There are two ways to address any situation that is not meeting the expectations of the lesson and these are acknowledging when the child is meeting the objectives set or correcting their behaviour when they are not. 

 

Imbalances

It is probably impossible to maintain a balance between expectations, acknowledging and correcting strategies all of the time; it is a moving point.  However, when there is a prolonged imbalance between expectations, acknowledgement and correction and one begins to dominate your management style you lose your effectiveness.  The following are three typical imbalances which increase the likelihood of teachers spending too much time managing and too little time teaching.

 

Unclear Expectations

This is when the teacher gives inadequate information about his or her expectations (as indicated by the broken line around the triangle). This is problematic because students will be unsure about the limits and boundaries of the classroom and what tasks they need to be doing.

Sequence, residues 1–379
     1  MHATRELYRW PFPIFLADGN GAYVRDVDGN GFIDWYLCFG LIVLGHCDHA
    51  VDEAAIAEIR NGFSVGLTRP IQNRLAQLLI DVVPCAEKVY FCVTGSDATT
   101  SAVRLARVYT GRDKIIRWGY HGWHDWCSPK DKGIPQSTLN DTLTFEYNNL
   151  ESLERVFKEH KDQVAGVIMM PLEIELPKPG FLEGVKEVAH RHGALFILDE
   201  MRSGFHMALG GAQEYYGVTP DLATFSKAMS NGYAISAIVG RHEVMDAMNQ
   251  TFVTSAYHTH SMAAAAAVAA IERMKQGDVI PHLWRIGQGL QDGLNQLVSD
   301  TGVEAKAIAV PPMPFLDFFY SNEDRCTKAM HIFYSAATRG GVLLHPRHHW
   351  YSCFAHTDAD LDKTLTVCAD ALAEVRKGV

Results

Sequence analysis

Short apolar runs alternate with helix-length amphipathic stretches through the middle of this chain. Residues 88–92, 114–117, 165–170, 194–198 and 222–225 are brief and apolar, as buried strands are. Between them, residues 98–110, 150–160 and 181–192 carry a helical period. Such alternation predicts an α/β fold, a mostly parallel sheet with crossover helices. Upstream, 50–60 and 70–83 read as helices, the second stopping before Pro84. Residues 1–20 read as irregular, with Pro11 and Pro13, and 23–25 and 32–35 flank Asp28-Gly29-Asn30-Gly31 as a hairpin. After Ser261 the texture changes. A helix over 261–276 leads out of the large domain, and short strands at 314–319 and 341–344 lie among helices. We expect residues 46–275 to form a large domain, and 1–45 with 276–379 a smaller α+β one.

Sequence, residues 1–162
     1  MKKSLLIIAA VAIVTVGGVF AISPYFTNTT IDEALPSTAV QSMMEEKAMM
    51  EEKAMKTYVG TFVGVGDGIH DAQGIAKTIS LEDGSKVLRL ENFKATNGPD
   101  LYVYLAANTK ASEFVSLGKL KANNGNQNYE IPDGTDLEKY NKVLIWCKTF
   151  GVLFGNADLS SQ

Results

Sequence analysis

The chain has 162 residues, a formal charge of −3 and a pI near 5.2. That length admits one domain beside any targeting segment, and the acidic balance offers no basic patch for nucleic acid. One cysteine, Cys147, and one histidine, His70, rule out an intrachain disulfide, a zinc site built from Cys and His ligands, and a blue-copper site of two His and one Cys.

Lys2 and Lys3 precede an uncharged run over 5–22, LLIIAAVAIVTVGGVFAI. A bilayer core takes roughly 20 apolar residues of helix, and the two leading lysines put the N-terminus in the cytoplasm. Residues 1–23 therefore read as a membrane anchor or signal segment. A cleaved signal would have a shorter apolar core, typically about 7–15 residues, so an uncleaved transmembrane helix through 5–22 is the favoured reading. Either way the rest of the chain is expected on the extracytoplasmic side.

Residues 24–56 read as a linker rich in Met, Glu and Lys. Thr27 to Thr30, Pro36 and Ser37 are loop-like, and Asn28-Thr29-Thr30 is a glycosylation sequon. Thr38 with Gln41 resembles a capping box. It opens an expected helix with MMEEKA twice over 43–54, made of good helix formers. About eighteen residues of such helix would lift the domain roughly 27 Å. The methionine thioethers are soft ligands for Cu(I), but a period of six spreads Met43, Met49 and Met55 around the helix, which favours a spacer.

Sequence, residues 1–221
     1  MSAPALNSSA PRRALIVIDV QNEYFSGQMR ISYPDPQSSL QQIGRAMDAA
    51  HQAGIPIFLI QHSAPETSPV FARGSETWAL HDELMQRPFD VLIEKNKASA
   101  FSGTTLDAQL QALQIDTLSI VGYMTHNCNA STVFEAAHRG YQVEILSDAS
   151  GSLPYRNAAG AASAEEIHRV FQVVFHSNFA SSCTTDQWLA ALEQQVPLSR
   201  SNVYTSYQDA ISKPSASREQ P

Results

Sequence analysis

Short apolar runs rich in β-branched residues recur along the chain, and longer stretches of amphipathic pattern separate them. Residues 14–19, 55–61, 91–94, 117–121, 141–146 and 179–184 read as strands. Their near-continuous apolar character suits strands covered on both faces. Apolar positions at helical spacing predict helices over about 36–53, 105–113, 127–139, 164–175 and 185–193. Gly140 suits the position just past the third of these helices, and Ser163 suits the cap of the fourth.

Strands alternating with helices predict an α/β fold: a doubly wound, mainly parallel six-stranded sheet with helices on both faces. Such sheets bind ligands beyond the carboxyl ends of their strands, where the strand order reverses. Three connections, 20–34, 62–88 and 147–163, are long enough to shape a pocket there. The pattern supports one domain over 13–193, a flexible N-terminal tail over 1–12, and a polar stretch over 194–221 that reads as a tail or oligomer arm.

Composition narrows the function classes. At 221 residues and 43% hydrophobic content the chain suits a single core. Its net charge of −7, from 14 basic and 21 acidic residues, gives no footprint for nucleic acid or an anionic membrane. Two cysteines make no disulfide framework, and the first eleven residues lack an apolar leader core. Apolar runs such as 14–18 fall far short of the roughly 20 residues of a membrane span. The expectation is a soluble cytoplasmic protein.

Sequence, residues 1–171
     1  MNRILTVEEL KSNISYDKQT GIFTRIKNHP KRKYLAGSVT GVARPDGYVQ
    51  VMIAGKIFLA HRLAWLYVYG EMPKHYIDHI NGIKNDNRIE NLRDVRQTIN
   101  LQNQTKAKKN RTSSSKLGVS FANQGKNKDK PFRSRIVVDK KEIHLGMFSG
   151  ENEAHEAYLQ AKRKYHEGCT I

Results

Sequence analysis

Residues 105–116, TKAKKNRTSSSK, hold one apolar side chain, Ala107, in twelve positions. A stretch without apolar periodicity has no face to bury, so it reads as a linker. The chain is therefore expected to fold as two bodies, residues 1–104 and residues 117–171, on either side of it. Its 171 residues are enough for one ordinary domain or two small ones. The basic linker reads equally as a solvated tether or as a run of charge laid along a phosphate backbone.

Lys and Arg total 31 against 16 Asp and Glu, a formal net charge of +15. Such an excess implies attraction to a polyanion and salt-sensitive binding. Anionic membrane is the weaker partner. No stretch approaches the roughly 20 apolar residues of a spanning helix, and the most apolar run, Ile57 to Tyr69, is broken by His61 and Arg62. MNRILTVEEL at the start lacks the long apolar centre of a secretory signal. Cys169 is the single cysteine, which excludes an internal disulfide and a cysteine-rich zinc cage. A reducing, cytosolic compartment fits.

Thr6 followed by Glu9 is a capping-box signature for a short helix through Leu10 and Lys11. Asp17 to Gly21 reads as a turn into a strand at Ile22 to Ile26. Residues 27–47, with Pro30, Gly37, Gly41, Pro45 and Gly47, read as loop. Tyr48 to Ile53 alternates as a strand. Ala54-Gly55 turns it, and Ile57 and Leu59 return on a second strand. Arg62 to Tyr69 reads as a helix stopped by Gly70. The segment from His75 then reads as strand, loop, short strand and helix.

Too Much Acknowledgement

This is problematic because students are not being corrected appropriately.  This is often the result of teachers trying to manage through friendliness.  They believe “If I am nice to the students they will like me and behave themselves”.  This imbalance may also arise when the teacher lacks assertiveness.

 

Too Much Correction

Students become resentful and continue to act inappropriately due to a lack of acknowledgement and encouragement. In this imbalance a teacher may not intend to be negative, but has developed the habit of only attending to inappropriate behaviour. In most cases where a whole class behaves inappropriately, this is the evident imbalance.